Monday, March 28, 2011

Graphomania, n., a passion for writing

Gosh, I never knew there were so many names for the writing we authors do! I knew elegy was a long lament of things past from learning Thomas Gray’s “Elegy Written in A Churchyard.” I did not know that an epithalamium was a wedding song or poem in honor of a bride and groom nor that an ecologue was a pastoral poem about shepherds conversing. Doggerel, meaning an irregular rhythm of a loosely styled verse used for comic effect, was sort of familiar but I had no idea that a dithyramb was a speech or composition written in an inflated, enthusiastic or exalted style. I should have known this after listening to politicians whose bombastic, pompous and overly inflated language is often described as fustian. Jane Austin’s novels are of discriminating apercu (A pur SOO) of English society in the beginning of the 19th century, e.g., “an intuitive insight.”

Some of the many words related to writing are:

Sesquipedalian, adj. characterized by using overly long words

Prolix, adj, v. excessively wordy

Afflatus, n. a sudden rush of creative impulse, an inspiration

Adumbrate, v. to give a sketchy outline; foreshadow vaguely

Expatiate, v. to write or speak at length, elaborate

Prolix, adj. overly wordy; verbose, tedious

Variorum, n. a text that quotes several scholars often with varying conclusions

Apothegm (A puh Them), n. , a proverb, maxim, adage or aphorism

Epigram, n. —a short, witty poem

Apocrypha, n. writings of dubious authenticity, typically religious

Canard, n. fabricated or false report; unfounded story

Exemplum, n story demonstrating a moral point

Rubric, n. title heading or first letter often printed in red ink

Billet-doux (BIL lay do), n. love letter

McGuffin, also MacGuffin, n. what seems like the main plot but isn’t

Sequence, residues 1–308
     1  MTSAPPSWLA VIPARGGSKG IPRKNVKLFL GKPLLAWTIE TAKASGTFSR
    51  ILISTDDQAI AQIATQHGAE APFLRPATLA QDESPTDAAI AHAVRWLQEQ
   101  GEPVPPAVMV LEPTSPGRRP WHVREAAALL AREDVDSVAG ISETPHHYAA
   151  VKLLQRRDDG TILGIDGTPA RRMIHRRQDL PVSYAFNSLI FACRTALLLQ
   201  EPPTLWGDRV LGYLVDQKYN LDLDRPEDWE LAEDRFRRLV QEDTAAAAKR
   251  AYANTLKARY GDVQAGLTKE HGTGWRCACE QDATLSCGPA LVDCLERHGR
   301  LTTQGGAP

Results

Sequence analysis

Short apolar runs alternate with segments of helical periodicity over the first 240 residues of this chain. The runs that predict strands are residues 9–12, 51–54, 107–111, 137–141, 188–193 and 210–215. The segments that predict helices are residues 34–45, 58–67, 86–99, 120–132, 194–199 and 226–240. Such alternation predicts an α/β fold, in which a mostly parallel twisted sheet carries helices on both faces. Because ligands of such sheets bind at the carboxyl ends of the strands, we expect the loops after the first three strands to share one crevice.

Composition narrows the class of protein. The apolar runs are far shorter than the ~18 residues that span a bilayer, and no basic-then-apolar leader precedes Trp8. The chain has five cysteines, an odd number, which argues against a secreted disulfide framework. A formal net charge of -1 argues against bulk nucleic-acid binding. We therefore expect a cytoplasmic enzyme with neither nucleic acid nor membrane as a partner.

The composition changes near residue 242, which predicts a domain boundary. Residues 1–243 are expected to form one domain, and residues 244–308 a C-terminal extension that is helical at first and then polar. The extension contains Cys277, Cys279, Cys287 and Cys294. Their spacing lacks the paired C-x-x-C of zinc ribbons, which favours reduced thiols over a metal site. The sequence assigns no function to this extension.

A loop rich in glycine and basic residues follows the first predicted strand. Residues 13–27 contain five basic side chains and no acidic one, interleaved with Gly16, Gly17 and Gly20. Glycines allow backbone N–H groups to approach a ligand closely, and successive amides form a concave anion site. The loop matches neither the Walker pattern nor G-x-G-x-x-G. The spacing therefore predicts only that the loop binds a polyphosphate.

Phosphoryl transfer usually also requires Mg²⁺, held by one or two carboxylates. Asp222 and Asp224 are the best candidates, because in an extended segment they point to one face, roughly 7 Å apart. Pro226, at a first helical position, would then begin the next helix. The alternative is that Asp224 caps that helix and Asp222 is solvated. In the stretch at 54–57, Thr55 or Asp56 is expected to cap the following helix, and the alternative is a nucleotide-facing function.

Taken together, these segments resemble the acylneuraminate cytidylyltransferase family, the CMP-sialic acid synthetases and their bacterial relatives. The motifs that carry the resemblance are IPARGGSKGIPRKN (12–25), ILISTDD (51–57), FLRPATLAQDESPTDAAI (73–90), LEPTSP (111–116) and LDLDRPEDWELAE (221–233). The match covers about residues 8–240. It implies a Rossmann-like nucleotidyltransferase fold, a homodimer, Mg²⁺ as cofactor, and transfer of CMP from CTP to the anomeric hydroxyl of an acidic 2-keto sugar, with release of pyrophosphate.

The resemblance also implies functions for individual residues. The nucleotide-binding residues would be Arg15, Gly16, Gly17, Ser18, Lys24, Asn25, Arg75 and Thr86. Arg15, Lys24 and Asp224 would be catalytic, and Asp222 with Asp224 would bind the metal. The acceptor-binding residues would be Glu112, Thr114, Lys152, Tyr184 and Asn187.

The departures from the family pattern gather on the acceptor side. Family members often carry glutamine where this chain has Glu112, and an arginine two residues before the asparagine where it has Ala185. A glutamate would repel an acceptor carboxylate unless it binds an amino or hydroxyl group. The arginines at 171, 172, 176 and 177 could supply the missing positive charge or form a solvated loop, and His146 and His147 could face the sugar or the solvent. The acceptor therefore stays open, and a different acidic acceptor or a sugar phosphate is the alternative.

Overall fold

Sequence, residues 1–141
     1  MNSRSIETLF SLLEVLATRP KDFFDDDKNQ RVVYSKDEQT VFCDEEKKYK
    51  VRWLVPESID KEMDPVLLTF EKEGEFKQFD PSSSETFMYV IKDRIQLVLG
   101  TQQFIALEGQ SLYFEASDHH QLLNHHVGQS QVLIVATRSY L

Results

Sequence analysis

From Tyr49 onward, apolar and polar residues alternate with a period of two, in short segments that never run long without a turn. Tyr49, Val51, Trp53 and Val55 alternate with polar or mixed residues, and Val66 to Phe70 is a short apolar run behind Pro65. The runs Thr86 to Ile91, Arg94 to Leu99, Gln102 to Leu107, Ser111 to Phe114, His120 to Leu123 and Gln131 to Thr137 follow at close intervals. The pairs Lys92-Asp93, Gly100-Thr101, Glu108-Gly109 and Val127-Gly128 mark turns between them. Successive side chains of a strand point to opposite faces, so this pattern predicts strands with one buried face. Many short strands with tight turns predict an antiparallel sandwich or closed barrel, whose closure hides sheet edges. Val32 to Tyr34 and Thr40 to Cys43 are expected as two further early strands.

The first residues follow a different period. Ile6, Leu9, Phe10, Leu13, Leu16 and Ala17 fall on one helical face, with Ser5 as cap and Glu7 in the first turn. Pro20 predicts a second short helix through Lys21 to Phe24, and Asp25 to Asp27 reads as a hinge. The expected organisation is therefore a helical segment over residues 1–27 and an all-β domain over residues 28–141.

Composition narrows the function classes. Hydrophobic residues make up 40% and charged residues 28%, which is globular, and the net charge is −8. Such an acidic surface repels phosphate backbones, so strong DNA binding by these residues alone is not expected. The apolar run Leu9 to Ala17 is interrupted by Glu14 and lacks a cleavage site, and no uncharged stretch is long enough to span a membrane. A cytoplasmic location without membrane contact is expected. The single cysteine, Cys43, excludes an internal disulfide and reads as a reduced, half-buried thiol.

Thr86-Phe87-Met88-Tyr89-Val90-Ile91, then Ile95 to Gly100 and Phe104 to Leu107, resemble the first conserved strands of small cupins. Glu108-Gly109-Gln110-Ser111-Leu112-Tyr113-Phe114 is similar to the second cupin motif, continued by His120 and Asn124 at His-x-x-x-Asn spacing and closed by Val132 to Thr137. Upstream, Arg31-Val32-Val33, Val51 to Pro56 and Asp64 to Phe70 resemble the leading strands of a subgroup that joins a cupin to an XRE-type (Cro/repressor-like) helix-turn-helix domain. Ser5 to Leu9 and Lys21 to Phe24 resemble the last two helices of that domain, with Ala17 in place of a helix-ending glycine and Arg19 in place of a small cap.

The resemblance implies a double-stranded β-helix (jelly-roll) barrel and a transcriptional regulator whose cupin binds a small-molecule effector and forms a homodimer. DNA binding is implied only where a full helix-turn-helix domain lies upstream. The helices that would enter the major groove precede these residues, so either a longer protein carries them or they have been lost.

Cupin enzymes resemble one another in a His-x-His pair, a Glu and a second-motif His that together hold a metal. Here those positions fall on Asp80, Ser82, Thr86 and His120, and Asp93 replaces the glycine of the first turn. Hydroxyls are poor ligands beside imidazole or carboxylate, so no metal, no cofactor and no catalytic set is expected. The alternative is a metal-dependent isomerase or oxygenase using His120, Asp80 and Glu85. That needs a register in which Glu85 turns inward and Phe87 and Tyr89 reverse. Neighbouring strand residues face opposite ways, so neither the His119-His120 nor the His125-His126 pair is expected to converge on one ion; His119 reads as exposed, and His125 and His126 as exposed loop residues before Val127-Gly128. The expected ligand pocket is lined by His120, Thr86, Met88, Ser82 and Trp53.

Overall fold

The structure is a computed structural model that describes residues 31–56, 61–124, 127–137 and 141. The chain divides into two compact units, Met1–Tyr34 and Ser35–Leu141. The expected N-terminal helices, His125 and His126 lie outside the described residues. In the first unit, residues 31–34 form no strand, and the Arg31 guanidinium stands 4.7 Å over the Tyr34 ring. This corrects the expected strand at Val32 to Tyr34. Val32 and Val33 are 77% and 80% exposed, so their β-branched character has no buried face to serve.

Strophe (STROW FEE), n. stanza or verse of a poem

Leitmotif or leitmotiv (LIGHT mo TEEF), n. dominant, recurring theme or underlying pattern found in novels and other works of art

Roman a clef (row MAHN AH KLAY), n. novel in which real persons are represented under fictitious names

Solecism (SAH luk sih ZYHM), n. combination of words that construct a grammatically incorrect sentence

Longueur (LONE ghur), n. tedious, dull or lengthy passage as from a book

Bromidic, adj. lacking originality, trite, commonplace

Crib, n. a child's bed or a translation of writing from another language

Monograph, n. a written account of a single subject; a scholarly book on a limited area of learning

Topos, n. conventional theme in a literary composition

Bildungsroman, n. type of novel in which the main theme focuses on the formative years or spiritual education of one individual

Bathos, n. sudden transition form an elevated style to the commonplace in writing; overdone or insincere pathos; hackneyed quality, triteness

With thanks to The Bibliophile’s Dictionary by Miles Westley, Writer’s Digest Books, 2005, and Concise Oxford American Dictionary, 2006

WELCOME to Kathleen Dobbs and Elizabeth Brinton as regular contributors!

3 comments:

Jan Cline said...

I love these words! Who knew??

Nancy Owens Barnes said...

Thank you Jennifer. I always learn something new from your posts. Yay for graphomaniacs!

KATHY COONEY DOBBS said...

Graphomania. What a great word, Jennifer! I also like strophe,billet-doux and afflatus :)